Sunlight generates hydrogen in new porous silicon

Porous silicon manufactured in a bottom up procedure using solar energy can be used to generate hydrogen from water, according to a team of Penn State mechanical engineers, who also see applications for batteries, biosensors and optical electronics as outlets for this new material.

Asus Transformer Pad TF103C gets detailed



Asus is reportedly prepping a new 10-inch Android tablet featuring Intel's 64-bit Bay Trail SoC (Z3745) and a detachable keyboard dock. 


NASA's LRO Mission and North America to experience total lunar eclipse

When people in North America look up at the sky in the early morning hours of April 15, they can expect the moon to look a little different. A total lunar eclipse is expected at this time, a phenomenon that occurs when the Earth, moon and sun are in perfect alignment, blanketing the moon in the Earth's shadow.

Images from NASA Mars Rover include bright spots

Images taken by NASA's Curiosity Mars rover on April 2 and April 3 include bright spots, which might be due to the sun glinting off a rock or cosmic rays striking the camera's detector.

Report: Gusev Crater on Mars once held a lake

If desert mirages occur on Mars, "Lake Gusev" belongs among them. This come-and-go body of ancient water has come and gone more than once, at least in the eyes of Mars scientists.

Growing crops on photovoltaic farms

Growing agave and other carefully chosen plants amid photovoltaic panels could allow solar farms not only to collect sunlight for electricity but also to produce crops for biofuels, according to new computer models by Stanford scientists.

How to make ethanol without corn or other plants

Stanford University scientists have found a new, highly efficient way to produce liquid ethanol from carbon monoxide gas. This promising discovery could provide an eco-friendly alternative to conventional ethanol production from corn and other crops, say the scientists. Their results are published in the April 9 advanced online edition of the journal Nature.

Scientists develop bacterial ‘FM Radio’

Programming living cells offers the prospect of harnessing sophisticated biological machinery for transformative applications in energy, agriculture, water remediation and medicine. Inspired by engineering, researchers in the emerging field of synthetic biology have designed a tool box of small genetic components that act as intracellular switches, logic gates, counters and oscillators.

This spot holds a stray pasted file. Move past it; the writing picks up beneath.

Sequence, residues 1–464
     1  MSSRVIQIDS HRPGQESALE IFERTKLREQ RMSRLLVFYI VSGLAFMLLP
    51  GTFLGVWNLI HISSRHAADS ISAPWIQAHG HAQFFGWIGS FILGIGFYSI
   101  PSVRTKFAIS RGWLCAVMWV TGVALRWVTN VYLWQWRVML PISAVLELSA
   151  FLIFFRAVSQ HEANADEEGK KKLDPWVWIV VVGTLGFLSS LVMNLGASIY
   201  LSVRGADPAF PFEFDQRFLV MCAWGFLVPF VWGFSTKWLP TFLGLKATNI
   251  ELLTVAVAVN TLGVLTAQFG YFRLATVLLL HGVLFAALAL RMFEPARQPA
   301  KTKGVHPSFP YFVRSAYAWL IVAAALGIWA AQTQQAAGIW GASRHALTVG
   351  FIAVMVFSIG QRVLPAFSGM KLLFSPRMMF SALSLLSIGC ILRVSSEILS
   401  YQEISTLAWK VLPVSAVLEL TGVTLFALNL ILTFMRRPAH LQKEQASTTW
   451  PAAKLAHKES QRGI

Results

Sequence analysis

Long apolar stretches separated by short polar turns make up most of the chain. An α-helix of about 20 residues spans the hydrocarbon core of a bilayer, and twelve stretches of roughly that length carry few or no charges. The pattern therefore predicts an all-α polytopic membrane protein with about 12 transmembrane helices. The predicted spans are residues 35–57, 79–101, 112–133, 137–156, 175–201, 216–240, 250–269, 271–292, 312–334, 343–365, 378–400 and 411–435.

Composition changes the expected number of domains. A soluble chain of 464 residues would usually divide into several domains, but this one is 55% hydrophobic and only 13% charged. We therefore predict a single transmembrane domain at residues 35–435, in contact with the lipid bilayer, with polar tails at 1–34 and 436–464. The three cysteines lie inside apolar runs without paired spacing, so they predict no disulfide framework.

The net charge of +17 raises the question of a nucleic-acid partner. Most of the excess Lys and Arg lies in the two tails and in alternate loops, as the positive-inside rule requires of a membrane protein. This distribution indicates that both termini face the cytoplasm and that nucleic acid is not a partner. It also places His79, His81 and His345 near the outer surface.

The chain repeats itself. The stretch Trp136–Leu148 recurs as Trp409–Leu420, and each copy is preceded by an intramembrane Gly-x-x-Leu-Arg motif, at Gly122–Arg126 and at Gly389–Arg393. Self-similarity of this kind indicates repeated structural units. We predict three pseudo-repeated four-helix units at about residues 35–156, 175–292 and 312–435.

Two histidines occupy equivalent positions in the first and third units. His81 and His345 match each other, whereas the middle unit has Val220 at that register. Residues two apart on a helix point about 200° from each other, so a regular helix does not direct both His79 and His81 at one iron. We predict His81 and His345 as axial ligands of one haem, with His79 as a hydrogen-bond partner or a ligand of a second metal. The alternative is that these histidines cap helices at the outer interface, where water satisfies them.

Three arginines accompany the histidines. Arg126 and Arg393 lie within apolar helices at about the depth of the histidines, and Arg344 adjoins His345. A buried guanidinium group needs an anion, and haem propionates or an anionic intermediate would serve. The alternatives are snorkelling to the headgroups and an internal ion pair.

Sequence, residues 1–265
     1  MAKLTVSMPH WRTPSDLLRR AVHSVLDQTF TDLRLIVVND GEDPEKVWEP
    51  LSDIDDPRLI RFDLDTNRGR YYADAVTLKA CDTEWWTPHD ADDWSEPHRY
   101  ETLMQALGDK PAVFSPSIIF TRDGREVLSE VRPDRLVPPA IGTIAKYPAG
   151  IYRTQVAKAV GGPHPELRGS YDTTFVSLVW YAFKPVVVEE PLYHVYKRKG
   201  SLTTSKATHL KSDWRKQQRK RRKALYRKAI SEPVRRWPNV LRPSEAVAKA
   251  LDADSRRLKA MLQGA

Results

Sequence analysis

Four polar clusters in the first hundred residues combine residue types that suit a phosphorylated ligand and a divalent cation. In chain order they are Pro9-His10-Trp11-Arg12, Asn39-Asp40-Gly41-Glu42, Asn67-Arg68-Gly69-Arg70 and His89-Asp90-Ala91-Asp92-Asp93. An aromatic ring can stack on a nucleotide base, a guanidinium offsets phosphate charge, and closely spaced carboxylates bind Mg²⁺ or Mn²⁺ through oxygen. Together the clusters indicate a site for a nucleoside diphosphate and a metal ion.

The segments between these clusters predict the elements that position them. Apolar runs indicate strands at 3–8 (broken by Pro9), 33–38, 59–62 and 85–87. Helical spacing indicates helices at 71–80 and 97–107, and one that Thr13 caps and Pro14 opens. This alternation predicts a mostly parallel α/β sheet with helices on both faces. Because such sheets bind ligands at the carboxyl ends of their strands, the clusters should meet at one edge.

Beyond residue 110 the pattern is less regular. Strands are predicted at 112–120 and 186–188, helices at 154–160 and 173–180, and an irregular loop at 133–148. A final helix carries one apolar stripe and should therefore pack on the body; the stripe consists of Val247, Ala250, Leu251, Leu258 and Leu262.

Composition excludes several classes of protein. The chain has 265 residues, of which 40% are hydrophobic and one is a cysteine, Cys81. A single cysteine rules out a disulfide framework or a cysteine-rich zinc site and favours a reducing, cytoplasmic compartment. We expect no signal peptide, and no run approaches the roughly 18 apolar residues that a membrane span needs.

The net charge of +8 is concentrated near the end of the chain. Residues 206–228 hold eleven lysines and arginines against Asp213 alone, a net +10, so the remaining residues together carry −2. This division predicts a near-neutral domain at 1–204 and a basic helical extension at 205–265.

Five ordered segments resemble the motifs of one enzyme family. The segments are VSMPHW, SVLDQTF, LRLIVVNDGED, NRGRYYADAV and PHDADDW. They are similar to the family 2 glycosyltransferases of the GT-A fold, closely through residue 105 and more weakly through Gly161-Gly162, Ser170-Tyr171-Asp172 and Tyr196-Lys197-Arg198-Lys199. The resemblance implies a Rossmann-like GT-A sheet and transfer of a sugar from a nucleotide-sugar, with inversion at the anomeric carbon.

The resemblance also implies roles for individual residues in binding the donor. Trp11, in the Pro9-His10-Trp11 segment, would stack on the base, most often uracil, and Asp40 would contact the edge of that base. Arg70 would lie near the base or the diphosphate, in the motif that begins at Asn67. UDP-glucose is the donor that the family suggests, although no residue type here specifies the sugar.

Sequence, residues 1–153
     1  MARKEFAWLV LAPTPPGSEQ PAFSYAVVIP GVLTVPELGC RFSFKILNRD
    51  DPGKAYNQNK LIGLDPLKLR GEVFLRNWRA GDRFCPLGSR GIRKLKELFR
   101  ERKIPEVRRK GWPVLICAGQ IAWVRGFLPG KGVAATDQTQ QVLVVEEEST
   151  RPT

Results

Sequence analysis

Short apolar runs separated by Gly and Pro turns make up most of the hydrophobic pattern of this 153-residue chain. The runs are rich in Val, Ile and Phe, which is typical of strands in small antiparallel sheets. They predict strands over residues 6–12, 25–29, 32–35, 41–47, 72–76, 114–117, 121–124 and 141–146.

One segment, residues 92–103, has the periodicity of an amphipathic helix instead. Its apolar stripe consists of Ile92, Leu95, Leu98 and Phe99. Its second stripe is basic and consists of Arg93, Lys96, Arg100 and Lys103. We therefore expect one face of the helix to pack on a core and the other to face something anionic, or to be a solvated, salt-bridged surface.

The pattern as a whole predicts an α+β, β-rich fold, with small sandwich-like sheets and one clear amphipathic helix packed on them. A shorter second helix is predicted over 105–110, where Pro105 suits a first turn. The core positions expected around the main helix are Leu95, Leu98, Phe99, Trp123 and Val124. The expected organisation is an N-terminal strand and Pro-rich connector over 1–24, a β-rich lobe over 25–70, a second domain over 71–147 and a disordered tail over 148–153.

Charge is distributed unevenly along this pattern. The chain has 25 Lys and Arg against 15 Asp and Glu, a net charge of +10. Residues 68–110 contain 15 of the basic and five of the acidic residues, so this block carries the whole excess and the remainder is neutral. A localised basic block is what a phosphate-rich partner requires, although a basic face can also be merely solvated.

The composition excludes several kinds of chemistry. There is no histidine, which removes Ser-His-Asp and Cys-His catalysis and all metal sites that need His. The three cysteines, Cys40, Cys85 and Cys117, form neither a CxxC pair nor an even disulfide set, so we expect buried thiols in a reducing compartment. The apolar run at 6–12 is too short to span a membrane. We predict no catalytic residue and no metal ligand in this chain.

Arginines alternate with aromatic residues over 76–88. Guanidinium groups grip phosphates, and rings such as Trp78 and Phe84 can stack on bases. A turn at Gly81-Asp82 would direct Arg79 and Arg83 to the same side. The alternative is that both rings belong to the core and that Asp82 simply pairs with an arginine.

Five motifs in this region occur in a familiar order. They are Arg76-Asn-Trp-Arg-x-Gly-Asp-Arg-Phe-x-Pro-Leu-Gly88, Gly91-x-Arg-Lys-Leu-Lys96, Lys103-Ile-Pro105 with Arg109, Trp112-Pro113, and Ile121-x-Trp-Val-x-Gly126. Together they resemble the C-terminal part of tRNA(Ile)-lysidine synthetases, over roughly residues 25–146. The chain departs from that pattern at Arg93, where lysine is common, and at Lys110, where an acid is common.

Report: Movies synchronize minds

When we watch a movie, our brains react to it immediately in a way similar to other people's brains.

Did life as we know it originate in deep sea vents?

One of the greatest mysteries facing humans is how life originated on Earth. Scientists have determined approximately when life began (roughly 3.8 billion years ago), but there is still intense debate about exactly how life began. One possibility has grown in popularity in the last two decades - that simple metabolic reactions emerged near ancient seafloor hot springs, enabling the leap from a non-living to a living world.

Understanding the convoluted Windows path: How did it get so screwed up?

Windows XP is now officially obsolete. The OS is a malware magnet, yet Microsoft dropped support for it this month. A lot of folks are, or shortly will be, screwed.

Report: Lenovo prepping new high-end ThinkPad tablet


Lenovo is reportedly prepping a new, high-end Windows tablet equipped with Intel's Atom Bay processor, a 1.6 GHz quad-core chip with burst speeds up to 2.39 MHz.

Micro-robots, smaller than a penny, could one day swarm to the rescue

Imagine robots no bigger than your finger tip scrambling through the rubble of a disaster site to search for victims or to assess damage. That's the vision of engineer Sarah Bergbreiter and her research team at the University of Maryland.

Researchers measure smartphone malware infection rates

There is a steady stream of news stories and announcements about how many more new strains of Android malware appear in every passing year. Data showing infection rates in the real world has been hard to come by.

On the trail of a galactic serial killer

Several clues in the structure of NGC 1316 reveal that its past was turbulent. For instance, it has some unusual dust lanes embedded within a much larger envelope of stars, and a population of unusually small globular star clusters.

Regolith of small asteroids formed by thermal fatigue

The centimeter-sized fragments and smaller particles that make up the regolith — the layer of loose, unconsolidated rock and dust — of small asteroids is formed by temperature cycling that breaks down rock in a process called thermal fatigue, according to a paper published today in the Nature Advance Online Publication.

Yes, memory accuracy and strength can be manipulated during sleep

The sense of smell might seem intuitive, almost something you take for granted. But researchers from NYU Langone Medical Center have found that memory of specific odors depends on the ability of the brain to learn, process and recall accurately and effectively during slow-wave sleep — a deep sleep characterized by slow brain waves.

Green tea boosts your brain

Green tea is said to have many putative positive effects on health. Now, researchers at the University of Basel are reporting first evidence that green tea extract enhances the cognitive functions, in particular the working memory.

This eReader has a camera and OCR software


PocketBook has introduced a new eReader equipped with a 6-inch Carta eE Ink display and a camera.



Claim: Personal touch signature makes mobile devices more secure

Passwords, gestures and fingerprint scans are all helpful ways to keep a thief from unlocking and using a cell phone or tablet. Cybersecurity researchers from the Georgia Institute of Technology have gone a step further.